Tesco Extra sign©Robert Perry/Rex Shutterstock

Fed-up farmers are threatening protests against Tesco this Christmas after talks broke down over reducing the large amounts of New Zealand lamb on sale in its stores.

Members of farm lobby group Farmers For Action and North Wales sheep farmer representatives held talks with senior executives from Tesco on Thursday (3 December).

The meeting was arranged following a meeting last week to discuss how British farmers could forge closer relationships with Tesco amid increasing frustration over its lamb-sourcing policies.

See also: Anger as facings of British lamb plummet at Tesco

Farmers are furious that despite repeated promises to back British lamb, Tesco continues to source large volumes of New Zealand lamb on special offer in its stores.

They are demanding Tesco commits to cutting sales of imported NZ lamb by 50%.

FFA members said they walked out of Thursday’s meeting after Tesco refused to hand over figures on imports of Zealand lamb as requested at a recent meeting of NFU, FFA and North Wales sheep farmer representatives.

David Handley, FFA chairman, said great progress had been made within the lamb market with other retailers, such as Asda and the Co-op.

But he was greatly disappointed that talks had broken down with Tesco, which would “not only benefit British sheep farmers, but help put Tesco on the road to recovery”.

Mr Handley said: “Tesco, which states it is the biggest supporter of British farmers, is not prepared to even discuss changing the British sheep farming industry so that it becomes profitable for all parties involved in this industry and the supply chain.

“The breakdown completely surrounds displacing NZ lamb for British and the fact that Tesco will not commit to importing less and allowing British sheep farmers to replace that product. 

“Tesco’s excuse is that it has to provide their consumer with best value. What they don’t say is, at the expense of the British sheep industry.

“Tesco thinks by offering a few people fancy contracts it has done its bit to be able to say it is the biggest supporter of British farming.”

FFA will continue to work with others in the lamb supply chain to try to get a better deal for British sheep farmers. “What we will not have is our industry run by dictators,” said Mr Handley.

With an NFU election looming, Mr Handley said he would not be surprised if Tesco and the NFU announced a deal in the run-up to the elections. But he urged farmers to “read the small print” as Tesco’s promises to source more British lamb had “not really come to fruition” over the past three years.

Mr Handley said Tesco was on his organisation’s radar for protests in the run-up to Christmas. It is understood that direct action could be staged outside Tesco’s distribution depots.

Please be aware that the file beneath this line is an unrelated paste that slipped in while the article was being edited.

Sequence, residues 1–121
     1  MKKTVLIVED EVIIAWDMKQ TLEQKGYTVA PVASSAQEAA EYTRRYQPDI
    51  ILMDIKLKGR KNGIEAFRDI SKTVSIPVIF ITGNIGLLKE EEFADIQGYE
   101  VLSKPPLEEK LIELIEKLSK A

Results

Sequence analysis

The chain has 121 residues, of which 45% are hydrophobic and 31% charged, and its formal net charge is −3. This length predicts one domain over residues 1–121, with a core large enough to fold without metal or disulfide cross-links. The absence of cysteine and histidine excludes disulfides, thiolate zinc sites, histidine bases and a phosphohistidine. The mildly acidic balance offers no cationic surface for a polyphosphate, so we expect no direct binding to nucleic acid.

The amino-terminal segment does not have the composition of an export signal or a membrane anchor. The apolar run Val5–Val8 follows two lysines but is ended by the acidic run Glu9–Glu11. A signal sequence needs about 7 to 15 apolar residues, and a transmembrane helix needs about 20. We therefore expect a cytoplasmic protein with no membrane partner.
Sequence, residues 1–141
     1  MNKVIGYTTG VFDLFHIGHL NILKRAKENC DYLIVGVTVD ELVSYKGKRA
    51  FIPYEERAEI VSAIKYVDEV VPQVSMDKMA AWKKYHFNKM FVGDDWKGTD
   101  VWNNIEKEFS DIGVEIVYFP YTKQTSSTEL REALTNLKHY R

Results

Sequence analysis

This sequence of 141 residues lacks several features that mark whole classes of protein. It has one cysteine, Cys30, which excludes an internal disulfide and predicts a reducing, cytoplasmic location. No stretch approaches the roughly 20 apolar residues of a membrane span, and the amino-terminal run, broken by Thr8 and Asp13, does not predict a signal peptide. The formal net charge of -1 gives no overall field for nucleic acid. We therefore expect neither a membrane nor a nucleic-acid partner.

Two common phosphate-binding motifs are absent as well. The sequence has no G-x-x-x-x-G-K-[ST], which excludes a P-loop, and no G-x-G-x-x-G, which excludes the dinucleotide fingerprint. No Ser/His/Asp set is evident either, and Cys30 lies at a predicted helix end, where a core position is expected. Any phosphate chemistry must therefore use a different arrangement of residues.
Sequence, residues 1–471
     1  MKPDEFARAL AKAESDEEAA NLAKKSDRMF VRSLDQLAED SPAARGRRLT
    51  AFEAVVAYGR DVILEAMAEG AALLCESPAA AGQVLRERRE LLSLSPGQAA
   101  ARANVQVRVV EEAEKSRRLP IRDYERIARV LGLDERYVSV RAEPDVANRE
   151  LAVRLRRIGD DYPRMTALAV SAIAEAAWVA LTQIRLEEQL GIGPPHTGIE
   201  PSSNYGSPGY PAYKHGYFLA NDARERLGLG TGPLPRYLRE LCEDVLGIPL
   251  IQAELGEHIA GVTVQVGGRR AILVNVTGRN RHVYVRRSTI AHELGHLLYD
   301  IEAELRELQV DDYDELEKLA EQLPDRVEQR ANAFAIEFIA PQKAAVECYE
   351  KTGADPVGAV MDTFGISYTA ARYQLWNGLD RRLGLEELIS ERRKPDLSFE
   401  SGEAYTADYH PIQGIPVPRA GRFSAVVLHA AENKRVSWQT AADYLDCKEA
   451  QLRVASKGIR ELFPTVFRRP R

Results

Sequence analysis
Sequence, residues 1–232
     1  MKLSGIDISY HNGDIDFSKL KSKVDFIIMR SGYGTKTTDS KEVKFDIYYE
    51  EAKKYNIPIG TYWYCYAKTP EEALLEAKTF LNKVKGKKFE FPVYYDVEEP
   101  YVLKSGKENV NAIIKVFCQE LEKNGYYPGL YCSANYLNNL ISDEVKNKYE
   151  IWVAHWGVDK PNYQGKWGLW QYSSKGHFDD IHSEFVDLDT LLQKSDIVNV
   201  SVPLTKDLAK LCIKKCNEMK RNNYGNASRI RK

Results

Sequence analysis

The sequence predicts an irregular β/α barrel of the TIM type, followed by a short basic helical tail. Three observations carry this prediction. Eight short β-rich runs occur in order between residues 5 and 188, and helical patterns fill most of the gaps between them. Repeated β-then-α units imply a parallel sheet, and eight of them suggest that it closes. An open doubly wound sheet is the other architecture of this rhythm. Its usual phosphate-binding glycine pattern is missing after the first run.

“Christmas should be a happy time, a time of celebration, but we are sorry to say that for Tesco this may well not be the case,” said Mr Handley.

North Wales farmers staged protests outside Tesco’s store in Carmarthen and Bangor in July over its lamb-sourcing policies.

A Tesco spokesman said: “Members of our agriculture and commercial teams had a  constructive meeting with the North Wales sheep farmers group this afternoon.

“This follows regular dialogue with national and regional farming unions and Farmers For Action, where we have discussed the crucial role retailers, processors and producers all have to play to ensure we meet the needs of customers and to support a sustainable lamb industry.

“Despite progress being made, Farmers For Action have decided to terminate discussions. We remain committed to supporting UK lamb farmers and providing our customers with the best-quality British lamb.”

According to AHDB, for the week ending 28 November, the deadweight seasonal quality quotation (SQQ) lamb prices were at 355.9p/kg, up 4p/kg on the previous week.

Prices are expected to show further increases from the seasonal boost ahead of Christmas. However, many farmers are still producing lamb well below the average cost of production, making a loss of 60-70p/kg in some areas.

In September, NFU Scotland accused Tesco of delivering Scottish sheep farmers a “slap in the face” by selling significant quantities of imported lamb under a banner proclaiming to support Scottish sheep farmers.

At the Tesco Extra store at Hermiston Gait near Edinburgh, shelves full of imported New Zealand lamb were found sitting under a banner which claimed it to be “The Best Scottish Lamb in Season”.